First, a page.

Artists Leonard Suryajaya and Pao Houa Her spoke on themes of intersectional Asian American identities and familial presence within art, at a virtual panel hosted by the Cantor Arts Center’s Asian American Art Initiative.
During the discussion, photos by Suryajaya and Her, who convey their cultural experiences of kinship and the “American Dream” through photography, were presented. The photos were published in Aperture magazine’s most recent issue, “Being & Becoming: Asian in America.” Aperture co-hosted the panel, which also included the issue’s guest editor, Stephanie Hueon Tung, and assistant professor of art history Marci Kwon.
Suryajaya’s Chinese background and queer identity are two integral influences in his work as a photographer. Before immigrating to America for college, he expressed feeling disconnected from traditionalist Indonesian standards, which led him to repress his Chinese heritage and sexual orientation while growing up. In America, Suryajaya eventually found belonging and visibility through his camera lens.
“When I turned 18 and found myself in California, I asked myself, ‘What is the truest, most authentic form of who I am?’ Because in Indonesia, I never felt complete,” Suryajaya said. “I found freedom in photography as a stage where I can put in all of these different ingredients in my life and create a more expansive way in which I could see myself being reflected.”
Opening his presentation, Suryajaya displayed collections of his art pieces, many of which included his immediate family members beside his white husband as the “ingredients” to his “stage,” which he described as a platform to vent his emotions and experiences.
One of his photographs, “Family Tree”, involves his husband stacked underneath his family members with “nostalgic” rice crackers covering their eyes — physically carrying them and bearing the weight of parental expectations, all the while blinded by their unconditional love for Suryajaya. “This is one way that I can acknowledge my humanity, my fullness and my queerness, as someone in America from a complicated Asian background,” he said.
Suryajaya has learned to understand his family’s willingness to participate in his art pieces as a way for them to show support for him and his practice. “[Photography] became a new language that my family understands me by because they really see how I try to occupy myself to my fullest, since in the past, I may not have had the best communication of my feelings or even my truth as a queer person,” he said.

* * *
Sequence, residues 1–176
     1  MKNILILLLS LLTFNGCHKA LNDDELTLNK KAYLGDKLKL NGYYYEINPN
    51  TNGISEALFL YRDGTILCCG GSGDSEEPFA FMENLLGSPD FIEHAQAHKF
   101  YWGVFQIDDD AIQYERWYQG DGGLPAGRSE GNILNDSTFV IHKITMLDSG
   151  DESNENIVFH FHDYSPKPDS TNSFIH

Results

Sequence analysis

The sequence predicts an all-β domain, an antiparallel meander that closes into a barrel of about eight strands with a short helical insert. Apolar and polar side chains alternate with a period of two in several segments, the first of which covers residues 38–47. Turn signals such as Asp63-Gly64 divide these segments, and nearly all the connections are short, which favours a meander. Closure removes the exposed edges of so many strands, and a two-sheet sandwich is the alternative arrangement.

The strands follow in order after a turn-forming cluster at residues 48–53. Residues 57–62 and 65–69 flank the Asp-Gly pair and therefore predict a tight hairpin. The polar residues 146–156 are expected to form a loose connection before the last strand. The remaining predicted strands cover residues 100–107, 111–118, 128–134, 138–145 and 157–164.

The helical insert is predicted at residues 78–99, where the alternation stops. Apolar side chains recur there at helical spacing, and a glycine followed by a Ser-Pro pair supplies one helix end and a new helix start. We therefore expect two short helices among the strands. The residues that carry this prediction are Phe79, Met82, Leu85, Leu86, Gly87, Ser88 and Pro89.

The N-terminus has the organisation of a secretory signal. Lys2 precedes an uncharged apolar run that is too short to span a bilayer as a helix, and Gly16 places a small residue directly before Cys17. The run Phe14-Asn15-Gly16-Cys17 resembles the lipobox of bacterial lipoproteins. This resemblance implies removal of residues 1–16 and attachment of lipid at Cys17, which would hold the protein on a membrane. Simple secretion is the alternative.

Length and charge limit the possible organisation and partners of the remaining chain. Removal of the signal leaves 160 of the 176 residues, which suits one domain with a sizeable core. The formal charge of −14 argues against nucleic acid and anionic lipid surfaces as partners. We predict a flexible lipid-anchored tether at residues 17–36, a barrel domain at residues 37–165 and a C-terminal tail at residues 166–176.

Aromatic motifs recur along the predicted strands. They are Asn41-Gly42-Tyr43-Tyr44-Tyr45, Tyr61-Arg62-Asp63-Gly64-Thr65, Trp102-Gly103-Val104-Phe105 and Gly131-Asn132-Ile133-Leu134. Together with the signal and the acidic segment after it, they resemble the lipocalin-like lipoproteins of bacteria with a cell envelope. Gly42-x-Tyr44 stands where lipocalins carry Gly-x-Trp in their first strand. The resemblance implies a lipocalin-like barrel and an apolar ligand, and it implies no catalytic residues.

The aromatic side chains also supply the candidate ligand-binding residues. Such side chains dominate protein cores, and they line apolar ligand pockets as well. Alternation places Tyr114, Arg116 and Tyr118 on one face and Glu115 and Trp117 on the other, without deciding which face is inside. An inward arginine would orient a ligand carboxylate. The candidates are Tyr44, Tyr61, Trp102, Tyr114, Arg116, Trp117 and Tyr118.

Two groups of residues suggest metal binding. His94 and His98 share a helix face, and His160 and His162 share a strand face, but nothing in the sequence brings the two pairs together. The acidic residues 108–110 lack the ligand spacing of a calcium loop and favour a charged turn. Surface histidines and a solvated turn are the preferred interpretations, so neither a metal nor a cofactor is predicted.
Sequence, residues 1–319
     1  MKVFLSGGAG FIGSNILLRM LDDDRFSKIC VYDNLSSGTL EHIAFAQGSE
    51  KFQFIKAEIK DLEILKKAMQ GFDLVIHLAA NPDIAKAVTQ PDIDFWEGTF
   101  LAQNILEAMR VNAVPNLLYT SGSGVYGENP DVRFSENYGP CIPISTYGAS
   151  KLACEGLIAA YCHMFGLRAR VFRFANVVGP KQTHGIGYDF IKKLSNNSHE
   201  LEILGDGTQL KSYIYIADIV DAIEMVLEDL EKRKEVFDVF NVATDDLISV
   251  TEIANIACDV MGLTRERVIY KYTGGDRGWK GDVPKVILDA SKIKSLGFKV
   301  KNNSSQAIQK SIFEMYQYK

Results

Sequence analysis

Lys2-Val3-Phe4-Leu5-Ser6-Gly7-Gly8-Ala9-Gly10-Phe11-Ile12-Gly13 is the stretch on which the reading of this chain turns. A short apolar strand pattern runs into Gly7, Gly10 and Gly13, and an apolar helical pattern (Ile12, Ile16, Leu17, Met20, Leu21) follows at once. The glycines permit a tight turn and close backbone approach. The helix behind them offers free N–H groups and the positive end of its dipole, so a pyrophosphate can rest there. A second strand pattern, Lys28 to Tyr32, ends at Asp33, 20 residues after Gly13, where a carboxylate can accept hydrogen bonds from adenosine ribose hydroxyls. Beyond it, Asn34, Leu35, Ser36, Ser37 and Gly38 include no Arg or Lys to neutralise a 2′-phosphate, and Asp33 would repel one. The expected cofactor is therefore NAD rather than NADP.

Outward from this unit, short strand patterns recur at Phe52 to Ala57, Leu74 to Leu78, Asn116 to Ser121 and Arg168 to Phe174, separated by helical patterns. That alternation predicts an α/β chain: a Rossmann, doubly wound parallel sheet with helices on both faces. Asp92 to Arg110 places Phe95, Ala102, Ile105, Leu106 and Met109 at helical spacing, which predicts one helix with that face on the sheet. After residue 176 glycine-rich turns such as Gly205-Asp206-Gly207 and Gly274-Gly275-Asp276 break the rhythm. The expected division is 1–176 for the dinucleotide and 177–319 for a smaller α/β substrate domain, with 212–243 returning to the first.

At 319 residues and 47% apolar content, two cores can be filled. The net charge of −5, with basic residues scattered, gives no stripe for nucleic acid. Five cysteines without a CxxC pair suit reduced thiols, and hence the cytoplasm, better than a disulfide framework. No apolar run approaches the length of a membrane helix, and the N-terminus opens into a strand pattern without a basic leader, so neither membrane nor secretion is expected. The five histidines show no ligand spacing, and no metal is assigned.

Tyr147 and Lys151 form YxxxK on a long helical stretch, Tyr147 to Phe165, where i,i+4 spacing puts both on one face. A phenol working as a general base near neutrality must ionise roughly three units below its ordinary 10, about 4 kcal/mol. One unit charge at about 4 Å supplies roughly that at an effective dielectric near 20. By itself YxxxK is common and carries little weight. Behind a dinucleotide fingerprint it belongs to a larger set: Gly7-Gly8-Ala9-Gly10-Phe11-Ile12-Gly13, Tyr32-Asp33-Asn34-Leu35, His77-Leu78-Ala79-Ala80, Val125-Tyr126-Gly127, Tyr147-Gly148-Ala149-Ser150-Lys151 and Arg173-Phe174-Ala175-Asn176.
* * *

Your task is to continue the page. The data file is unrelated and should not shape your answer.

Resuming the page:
Similar to Suryajaya, Her’s photography style is heavily inspired by her cultural background as a member of the Hmong diaspora in America and Laos. Her recognizes the forgotten history of many Hmong people and works to shed light on her ancestry through portraiture and landscape images.
She describes creating photos as “a sort of give and take” process, emphasizing the family she builds beyond blood ties.
“For me, kinship in the community is very important. I photograph not just my family, but I also go out and work in the community too,” Her said. “I don’t really think about the work as just my work. It is very much a collaboration that creates bonds.”
Her started with photographs from one of her collections, “Attention.” In this body of artwork, she photographed Hmong American veterans of the Vietnam war to mimic the typical white American portrait of a soldier and to acknowledge the myriad Hmong veterans who were not recognized by the United States for the sacrifices they made on behalf of the country.
“So many Hmong Americans are here because of the Vietnam War. The war is so present in my community and in our everyday lives, and by making these photographs, I am giving voices to these men,” said Her.
Through collaborations in photography, Her expresses gratitude for the deeper connections she has built with her family and the Hmong community.
“The kinship that is required to produce this work is really significant,” she said. “Even knowing the history of agriculture within the Hmong diaspora is enough to inspire me.”
For Her and Suryajaya, photography offers heartfelt stories to be told and appreciated. These two artists sought to show that the stories of the Pan-Asian American diaspora are not monolithic, as seen through their unique depictions of relationships and hardship in Asian America.
“[We] are allowed grief, joy, ambivalence, complexity and beauty to be honored for the fullness of our existence,” Kwon said. “And this is to me, the gift of being and becoming Asian in America for all of us, and for the future study of these artists and art history.”